Steve Blake of the Los Angeles Lakers missed what would have been the winning shot in a critical game. His wife got death threats.
Singer John Legend’s fiancee, Chrissy Teigen, criticized singer Chris Brown’s performance on an awards show. She got death threats.
Clint Eastwood’s daughter Francesca publicly destroyed a $100,000 purse as a piece of performance art. She got death threats.
A conservative teenage activist from North Carolina posted a video supporting her state’s constitutional amendment banning same-sex marriage. She reported death threats.
All these threats came within the last two weeks. All were delivered online.
Welcome to the seamy underbelly of the communications revolution.
Professional athletes have this expression. When the doughy guy in the stands, fortified by the overconsumption of hops and barley, yells abuse to some chiseled giant down on the field, he is said to possess “beer muscles.” The aforementioned revolution has produced its equivalent. Call it “Internet courage.”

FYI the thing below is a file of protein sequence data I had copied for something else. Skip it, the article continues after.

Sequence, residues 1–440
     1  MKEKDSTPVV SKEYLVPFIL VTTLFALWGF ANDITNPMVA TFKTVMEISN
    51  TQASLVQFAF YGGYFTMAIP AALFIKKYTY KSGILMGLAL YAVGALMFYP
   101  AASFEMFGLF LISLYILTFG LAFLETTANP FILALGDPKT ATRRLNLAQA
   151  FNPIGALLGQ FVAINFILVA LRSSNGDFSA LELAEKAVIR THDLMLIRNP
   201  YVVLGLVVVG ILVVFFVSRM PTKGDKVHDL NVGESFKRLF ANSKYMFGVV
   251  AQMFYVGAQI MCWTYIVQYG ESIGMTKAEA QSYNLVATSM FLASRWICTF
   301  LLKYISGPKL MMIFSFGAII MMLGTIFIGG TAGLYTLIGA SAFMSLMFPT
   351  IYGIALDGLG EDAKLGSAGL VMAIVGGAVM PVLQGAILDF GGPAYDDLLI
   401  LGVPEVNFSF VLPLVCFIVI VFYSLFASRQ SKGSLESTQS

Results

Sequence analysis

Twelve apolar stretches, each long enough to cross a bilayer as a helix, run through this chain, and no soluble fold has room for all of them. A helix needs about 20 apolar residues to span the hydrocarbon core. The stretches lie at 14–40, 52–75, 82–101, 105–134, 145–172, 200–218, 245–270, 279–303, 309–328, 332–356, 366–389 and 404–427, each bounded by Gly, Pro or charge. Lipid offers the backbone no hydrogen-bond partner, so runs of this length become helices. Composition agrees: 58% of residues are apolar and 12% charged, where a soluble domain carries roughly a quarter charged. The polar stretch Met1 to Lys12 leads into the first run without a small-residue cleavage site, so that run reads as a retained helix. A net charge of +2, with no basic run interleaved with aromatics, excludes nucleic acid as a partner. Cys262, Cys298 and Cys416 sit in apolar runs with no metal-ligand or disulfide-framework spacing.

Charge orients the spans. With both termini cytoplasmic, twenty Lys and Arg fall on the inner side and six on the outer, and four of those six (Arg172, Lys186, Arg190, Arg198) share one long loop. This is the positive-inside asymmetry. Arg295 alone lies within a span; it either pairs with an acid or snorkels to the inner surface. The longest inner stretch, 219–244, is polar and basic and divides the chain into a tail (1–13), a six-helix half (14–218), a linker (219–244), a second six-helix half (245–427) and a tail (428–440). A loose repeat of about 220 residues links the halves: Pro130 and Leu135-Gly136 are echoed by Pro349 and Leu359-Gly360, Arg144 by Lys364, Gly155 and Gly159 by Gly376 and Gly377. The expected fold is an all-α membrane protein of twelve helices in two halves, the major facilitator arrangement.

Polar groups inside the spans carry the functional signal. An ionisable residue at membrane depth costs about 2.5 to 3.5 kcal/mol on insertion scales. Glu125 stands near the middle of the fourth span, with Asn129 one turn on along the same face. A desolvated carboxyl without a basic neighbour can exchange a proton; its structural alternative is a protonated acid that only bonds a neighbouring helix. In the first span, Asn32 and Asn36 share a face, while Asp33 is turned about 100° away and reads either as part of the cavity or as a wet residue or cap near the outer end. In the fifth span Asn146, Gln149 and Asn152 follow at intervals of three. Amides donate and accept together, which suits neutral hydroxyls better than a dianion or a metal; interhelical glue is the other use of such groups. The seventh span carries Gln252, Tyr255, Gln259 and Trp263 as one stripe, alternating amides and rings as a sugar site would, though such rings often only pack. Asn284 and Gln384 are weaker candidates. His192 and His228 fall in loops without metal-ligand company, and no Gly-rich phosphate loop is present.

It does not always manifest itself in death threats. Sample the message boards attending your average opinion column, blog or controversial news story and you will find Internet courage by the bucket — people flaming the writer and one another with gleeful abandon you know they’d never dare display in the flesh and mortar world.
Perhaps you remember when new technology was supposed to make us better, bind our families, strengthen our communities, bring our world together. At least, that is what was promised in all those gauzy TV commercials and futurist essays that practically glowed with the warmth of human potential.